So I see bad passwords all the time as an Information Technology professional.  I have gotten use to being asked on a regular basis to reset password and at one firm I worked at it was close to 70% of my job.  IT professionals are quick to blame end users for choosing bad passwords but I would say that the problem is shared by both users and DevOps.  The developer portion of DevOps starts this problem.  They may set very stringent password requirements.  Corporate management may have read a blog somewhere that inspires them to use ISO/IEC_27002 password guidelines and that is commendable.

Those guidelines in brief are:

  • Passwords or pass phrases must be lengthy and complex, consisting of a mix of letters, numerals and special characters that would be difficult to guess.
  • Passwords or pass phrases must not be written down or stored in readable format.Users must either log off or password-lock their sessions before leaving them unattended.
  • Password-protected screensavers with an inactivity timeout of no more than 10 minutes must be enabled on all workstations/PCs.

I have worked in some organizations that adhere to this as if it were written on stone tablets handed down by a higher power and other firms that believe password policy is to use password as the password.

The problem that we have is that MOST people who have to use passwords are neither Information Tech professionals nor Security experts.  There are lawyers, doctors and all sorts of professions that while expert in their own fields know NOTHING of computer security.  The most common flaw I have found is complex password written down and that is not unexpected.  Can you imagine having to remember R$t7*l15 and that is only 8 characters.  Even if you use a password that does number for letter substitution like the examples below, you still have to remember them all.

  • scuba becomes 5cu8a
  • water becomes w4t3r
  • icecream becomes 1c3cr34m

Your password is no good if you write it down and leave that sticky note under your desk calendar or in your top drawer. Also it is recommended that you have different passwords for every site you login to.  I don’t know about most users but I’m sure that I login to at least 10 different sites per day.  If I had to remember each password that was written similar to 7&Rtj%2m I would have a stack of sticky notes that could cover a car.

TMCP LastPassPassword managers such as Last Pass or @Keeper are a great way to mitigate the issue of writing passwords down.  There are plugins for most browsers to assist with the management of passwords and both platforms have great reputations for being secure.  While an office cleaner may not have the technical skills to brute force your password, they find that putting the piece of paper your password is written on in a pocket is something very simple and who knows where that paper may end up or what someone handed that paper can do.  TMCP Keeper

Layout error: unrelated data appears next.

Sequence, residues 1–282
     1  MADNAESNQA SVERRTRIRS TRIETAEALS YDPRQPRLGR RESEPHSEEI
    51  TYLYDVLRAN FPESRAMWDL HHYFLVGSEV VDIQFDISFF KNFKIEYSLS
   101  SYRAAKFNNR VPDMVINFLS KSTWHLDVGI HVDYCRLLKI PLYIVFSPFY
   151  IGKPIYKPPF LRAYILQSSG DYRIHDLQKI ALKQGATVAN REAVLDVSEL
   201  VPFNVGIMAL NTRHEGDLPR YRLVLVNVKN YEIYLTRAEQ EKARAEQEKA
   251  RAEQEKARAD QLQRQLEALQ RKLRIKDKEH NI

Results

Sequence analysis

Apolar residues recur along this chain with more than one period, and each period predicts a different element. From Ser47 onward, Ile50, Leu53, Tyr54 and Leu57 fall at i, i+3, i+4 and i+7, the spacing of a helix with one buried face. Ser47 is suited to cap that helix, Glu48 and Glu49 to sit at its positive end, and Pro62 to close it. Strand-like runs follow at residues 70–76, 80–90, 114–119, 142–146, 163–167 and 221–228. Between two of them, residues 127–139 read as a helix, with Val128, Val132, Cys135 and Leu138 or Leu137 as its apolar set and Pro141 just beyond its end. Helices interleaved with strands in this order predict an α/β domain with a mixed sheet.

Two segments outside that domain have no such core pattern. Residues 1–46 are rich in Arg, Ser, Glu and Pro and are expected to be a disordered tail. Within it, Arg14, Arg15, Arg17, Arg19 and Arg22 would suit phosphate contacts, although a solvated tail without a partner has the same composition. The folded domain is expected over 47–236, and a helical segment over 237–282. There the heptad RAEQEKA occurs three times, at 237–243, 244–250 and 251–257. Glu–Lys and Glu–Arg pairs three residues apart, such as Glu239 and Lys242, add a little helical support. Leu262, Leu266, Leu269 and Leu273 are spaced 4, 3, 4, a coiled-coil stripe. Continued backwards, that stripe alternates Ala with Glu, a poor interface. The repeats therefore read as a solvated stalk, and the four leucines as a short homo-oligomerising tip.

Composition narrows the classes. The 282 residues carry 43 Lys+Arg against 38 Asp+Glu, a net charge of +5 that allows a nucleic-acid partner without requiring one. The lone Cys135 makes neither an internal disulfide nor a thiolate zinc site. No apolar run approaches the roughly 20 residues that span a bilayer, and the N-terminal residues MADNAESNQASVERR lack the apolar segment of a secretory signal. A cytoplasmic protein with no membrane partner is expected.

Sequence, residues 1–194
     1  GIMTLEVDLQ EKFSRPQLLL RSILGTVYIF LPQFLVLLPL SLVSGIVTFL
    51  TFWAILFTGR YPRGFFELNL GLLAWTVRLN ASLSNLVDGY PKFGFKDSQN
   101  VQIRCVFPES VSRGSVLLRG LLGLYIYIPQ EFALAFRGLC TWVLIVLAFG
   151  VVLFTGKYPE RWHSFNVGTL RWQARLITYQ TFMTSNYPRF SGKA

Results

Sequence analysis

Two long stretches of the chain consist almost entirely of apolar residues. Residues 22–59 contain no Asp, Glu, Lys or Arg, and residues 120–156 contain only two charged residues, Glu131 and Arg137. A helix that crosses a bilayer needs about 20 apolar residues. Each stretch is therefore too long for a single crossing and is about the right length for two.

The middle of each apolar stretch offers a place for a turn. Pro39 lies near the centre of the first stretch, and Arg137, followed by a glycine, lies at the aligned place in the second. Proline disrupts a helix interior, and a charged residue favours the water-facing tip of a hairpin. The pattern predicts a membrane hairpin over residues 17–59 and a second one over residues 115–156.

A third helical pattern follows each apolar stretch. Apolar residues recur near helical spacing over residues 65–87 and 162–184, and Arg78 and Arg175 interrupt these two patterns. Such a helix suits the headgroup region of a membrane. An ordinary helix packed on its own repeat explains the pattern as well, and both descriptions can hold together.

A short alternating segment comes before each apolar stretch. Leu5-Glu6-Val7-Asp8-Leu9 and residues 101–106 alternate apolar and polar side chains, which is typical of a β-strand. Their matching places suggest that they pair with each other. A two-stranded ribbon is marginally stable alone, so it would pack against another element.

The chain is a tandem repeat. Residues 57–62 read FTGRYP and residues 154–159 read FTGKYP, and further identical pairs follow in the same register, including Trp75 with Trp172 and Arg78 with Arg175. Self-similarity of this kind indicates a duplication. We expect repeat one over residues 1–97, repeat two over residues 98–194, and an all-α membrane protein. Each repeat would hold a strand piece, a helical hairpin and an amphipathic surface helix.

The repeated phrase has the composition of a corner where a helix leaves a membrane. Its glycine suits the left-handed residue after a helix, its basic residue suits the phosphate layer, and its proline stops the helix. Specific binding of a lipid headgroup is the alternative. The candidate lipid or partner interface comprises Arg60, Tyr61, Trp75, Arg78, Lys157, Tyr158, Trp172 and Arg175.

Best Practices

I have found that using memorable words such as something you like as in Scuba diving or Golfing or Schools you went to make for a better password.  Just using two words a computer would take 6 years to crack one of my passwords and when I add a third word it would take 17 Quadrillion years and that is without special characters or numbers.  Just a capital letter in each word and you can place that capital at the beginning or end to make it easy to remember.  There are other ways to fit the password “Requirements” that you are being forced to uphold and still remember your password easily.

Substitute numbers for letters based upon their appearance. With a little imagination, you can visualize numbers that bear resemblance to letters

For further interest, you can capitalize more than one letter, for instance the first and third, or the second and fourth.

Avoid predictable week-to-week or month-to-month changes. One example of a predictable pattern to avoid: eyesJan01, eyesFeb02, eyesMar03, etc. If someone was lucky enough to discover your password long ago, you don’t want him to be able to predict what it will be in the future.

Check the quality of your password at This Web site performs calculations based on the complexity and “guessability” of your password and tells you how good your password is. Remember that your password is transmitted over the Internet in the clear, so you should try similar passwords instead of your actual passwords to get an idea of the characteristics of a good one.

Organizations are rife with guest accounts, group accounts, accounts with no passwords, a lack of password expirations, passwords that can be easily guessed and opportunities to exploit technical weaknesses or perform social engineering. With all of these easy opportunities, computer accounts with good six-character passwords are only a trifle weaker than those with eight-character passwords. My point is that Security professionals need to focus more on the compliance of good user-account hygiene than on the length of passwords.

Better Passwords